Wiedmer: Turning down the Big Orange to become a Yellow Jacket

Wiedmer: Turning down the Big Orange to become a Yellow Jacket

August 13th, 2017 by Mark Wiedmer in Sports - Columns

Pittsburgh wide receiver Tre Tipton (5) stretches for extra yardage while being tackled by Georgia Tech linebacker Brant Mitchell (51) during the second half of an NCAA college football game in Pittsburgh, Saturday, Oct. 8, 2016. (AP Photo/Fred Vuich)

Photo by Fred Vuich

ATLANTA — The birth of any child is something of a miracle, never to be forgotten. Such fragility and such strength in a single package. Such loud noises exploding from a compact, 7- to 8-pound bundle of flesh and bones.

Or in the case of Georgia Tech junior linebacker Brant Mitchell, an 11 1/2-pound bundle of college football potential.

"I remember it like it was last week," his father Chris said of the scene that unfolded inside the University of Tennessee Medical Center's Labor and Delivery department on Jan. 30, 1997. "There were these two surgical techs, both of them guys. One of them looks at the other and says, 'Holy cow, this kid's going to be a nose tackle (for the Tennessee Volunteers). The other one says, 'No, he's a linebacker all the way.' It's amazing how right that second guy was."

Well, he was half right. Because while Mitchell has grown into quite a major college linebacker for the Yellow Jackets — he was fourth on the team in tackles last season and intercepted a pass to seal a victory over Georgia — when they face the Vols at Atlanta's Mercedes-Benz Stadium on Sept. 4, he'll do so as as a foe rather than a friend of the Big Orange Nation.

Despite growing up in Rockwood, Tenn., playing his high school ball for the Webb School in Knoxville and pretty much bleeding Tennessee's pale orange from the time he was 5 years old, Mitchell said he accepted a scholarship to Tech in winter 2015 for the most mature of reasons: "I absolutely loved the Vols when I was a kid. But my dad and I sat down and made a (college) decision based on the rest of my life, because you can't play football forever. One day you've got to go out and find a job."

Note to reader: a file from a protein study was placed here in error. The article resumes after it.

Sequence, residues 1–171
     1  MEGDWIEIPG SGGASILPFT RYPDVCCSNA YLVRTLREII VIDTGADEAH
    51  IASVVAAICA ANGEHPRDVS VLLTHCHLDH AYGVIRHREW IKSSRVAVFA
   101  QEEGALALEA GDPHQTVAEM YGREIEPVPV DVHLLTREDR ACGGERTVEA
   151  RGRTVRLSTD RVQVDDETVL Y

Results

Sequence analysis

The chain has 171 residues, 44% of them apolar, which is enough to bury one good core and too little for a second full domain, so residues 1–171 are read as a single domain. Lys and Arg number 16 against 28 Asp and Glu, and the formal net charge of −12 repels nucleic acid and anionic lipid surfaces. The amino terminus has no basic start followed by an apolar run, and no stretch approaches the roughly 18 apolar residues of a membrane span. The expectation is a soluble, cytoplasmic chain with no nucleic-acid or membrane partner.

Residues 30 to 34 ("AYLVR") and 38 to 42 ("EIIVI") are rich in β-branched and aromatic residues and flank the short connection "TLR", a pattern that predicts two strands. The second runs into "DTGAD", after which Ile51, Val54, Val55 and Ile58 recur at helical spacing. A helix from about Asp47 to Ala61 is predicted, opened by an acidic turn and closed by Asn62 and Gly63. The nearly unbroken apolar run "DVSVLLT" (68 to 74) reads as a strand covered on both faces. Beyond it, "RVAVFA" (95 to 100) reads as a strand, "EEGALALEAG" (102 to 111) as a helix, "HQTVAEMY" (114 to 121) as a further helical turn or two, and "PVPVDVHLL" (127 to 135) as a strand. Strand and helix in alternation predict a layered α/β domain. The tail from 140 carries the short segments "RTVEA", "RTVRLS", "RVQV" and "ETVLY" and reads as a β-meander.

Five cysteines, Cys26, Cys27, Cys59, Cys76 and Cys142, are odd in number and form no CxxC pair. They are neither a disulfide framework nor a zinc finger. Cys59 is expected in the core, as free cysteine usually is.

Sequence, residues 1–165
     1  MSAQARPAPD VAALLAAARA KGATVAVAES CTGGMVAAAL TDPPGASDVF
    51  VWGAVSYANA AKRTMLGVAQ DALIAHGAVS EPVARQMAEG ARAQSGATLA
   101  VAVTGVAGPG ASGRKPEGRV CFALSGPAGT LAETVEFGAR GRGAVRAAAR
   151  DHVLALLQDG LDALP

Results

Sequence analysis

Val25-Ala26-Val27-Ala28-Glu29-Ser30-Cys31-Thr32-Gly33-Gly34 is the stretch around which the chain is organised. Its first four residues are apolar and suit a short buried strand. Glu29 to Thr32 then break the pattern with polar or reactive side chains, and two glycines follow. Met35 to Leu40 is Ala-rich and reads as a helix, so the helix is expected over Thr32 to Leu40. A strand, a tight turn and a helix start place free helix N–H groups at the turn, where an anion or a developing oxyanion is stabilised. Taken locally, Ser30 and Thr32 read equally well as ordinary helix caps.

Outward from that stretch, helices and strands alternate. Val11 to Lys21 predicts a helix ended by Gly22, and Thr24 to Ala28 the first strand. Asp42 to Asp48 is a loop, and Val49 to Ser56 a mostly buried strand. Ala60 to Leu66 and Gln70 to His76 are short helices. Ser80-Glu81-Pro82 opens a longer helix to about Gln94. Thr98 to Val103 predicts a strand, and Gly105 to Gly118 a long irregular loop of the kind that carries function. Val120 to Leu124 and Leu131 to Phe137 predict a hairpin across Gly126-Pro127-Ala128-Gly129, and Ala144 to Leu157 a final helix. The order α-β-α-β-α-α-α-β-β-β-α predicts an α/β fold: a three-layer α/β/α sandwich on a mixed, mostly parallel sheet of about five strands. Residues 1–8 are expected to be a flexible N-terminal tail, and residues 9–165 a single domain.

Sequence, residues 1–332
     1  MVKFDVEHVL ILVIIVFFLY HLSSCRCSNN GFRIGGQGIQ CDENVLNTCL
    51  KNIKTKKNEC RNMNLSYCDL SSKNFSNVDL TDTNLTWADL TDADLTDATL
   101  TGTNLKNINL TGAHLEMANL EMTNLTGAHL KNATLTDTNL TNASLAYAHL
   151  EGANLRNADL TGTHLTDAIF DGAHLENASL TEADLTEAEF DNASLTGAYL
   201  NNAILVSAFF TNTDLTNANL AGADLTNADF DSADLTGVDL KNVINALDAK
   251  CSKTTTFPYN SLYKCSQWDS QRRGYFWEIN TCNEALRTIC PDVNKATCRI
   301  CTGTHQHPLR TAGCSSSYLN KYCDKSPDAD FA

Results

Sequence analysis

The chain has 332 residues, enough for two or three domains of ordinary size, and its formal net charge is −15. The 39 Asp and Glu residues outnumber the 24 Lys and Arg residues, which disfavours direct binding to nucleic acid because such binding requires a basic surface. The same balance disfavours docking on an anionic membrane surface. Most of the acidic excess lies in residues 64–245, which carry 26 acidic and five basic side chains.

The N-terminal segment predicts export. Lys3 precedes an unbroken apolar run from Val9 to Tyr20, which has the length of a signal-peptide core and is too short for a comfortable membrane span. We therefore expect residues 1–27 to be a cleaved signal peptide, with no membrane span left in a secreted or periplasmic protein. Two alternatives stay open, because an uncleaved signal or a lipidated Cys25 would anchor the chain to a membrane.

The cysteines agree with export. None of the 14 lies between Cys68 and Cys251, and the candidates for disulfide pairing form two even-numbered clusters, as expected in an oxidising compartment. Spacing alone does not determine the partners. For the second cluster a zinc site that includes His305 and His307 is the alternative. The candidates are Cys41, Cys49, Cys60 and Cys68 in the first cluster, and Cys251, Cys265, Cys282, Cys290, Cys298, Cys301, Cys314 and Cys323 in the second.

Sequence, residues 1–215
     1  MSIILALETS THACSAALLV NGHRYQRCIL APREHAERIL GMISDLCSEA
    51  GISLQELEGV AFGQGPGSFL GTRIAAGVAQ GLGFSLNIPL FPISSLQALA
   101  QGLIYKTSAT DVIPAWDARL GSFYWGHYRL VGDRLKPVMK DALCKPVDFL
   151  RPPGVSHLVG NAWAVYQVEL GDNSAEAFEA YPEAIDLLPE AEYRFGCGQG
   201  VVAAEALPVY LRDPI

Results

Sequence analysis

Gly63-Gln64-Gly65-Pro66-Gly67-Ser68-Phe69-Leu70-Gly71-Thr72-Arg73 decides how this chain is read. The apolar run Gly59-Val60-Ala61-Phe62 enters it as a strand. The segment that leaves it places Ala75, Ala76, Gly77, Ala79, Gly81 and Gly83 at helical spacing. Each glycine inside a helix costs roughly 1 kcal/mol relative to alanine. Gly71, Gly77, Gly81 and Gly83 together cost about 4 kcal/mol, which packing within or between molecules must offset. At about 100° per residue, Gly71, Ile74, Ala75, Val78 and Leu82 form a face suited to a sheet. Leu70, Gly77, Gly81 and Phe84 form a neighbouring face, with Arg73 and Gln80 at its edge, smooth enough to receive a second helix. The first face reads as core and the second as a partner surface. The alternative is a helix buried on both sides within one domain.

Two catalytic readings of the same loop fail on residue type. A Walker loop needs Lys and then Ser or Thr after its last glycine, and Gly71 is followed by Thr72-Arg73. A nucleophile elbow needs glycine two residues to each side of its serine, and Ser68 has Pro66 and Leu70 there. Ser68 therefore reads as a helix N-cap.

Tennessee loyalists might bristle at that insinuation, that a degree from Tech might become more valuable later in life than one from their school. And depending on one's major, it's no doubt a valid argument. But Mitchell headed to Tech planning to become a mechanical engineer. He performed so well in that major his first two seasons that he made the Atlantic Coast Conference academic honor roll.

But he also was barely sleeping at night due to the pressures and time commitments necessary to earn an engineering degree. So Mitchell recently switched to finance.

"I'm getting a little more sleep at night," he noted.

For those who might wonder if Tennessee coach Butch Jones went to sleep on Mitchell, it's complicated.

A star from his earliest years in the Rockwood public school system — "Brant was always the biggest kid on the team," his dad said with a chuckle — young Mitchell transferred to Webb before his sophomore year for both academic and athletic reasons. Due to TSSAA transfer rules, he was forced to sit out most of the 2012 football season.

"He wasn't eligible until the semifinals of the playoffs," Chris said. "In that very first game, he led the team in tackles and had a pick-six interception. It was like a fairy tale. Then he led the team in tackles again in the state title game, where he was named defensive MVP."

That got Mitchell noticed by Jones' staff. But Chris said fellow Webb star and current Vol Todd Kelly Jr. should take much credit for Brant becoming a household name among big-time Southern football recruiters.

"Almost every school in the country was recruiting Todd (who was a year ahead of Brant)," Chris said. "But any time a college coach came to Webb to recruit him, he'd tell them, 'If you've got a few minutes, let me introduce you to our middle linebacker, Brant Mitchell.' I think that says so much about the person TK Jr. is."

However, this was also about the time Jones was beginning to attract interest from five-star recruits, and Mitchell was viewed as a three-star. In the words of Chris Mitchell: "Things with UT got a little quiet for a while. Butch had offered Brant a scholarship, but we weren't hearing much from them."

Enter Tech.

"I think for that state (Tennessee), it was probably a little odd (Mitchell going to Tech)," Yellow Jackets coach Paul Johnson said Thursday. "But Brant was really interested in mechanical engineering then. I think he saw what we could offer him there, and he wanted it."

Three years later, Johnson says of Brant: "He's a guy who works hard. He's going to give you everything he's got every day."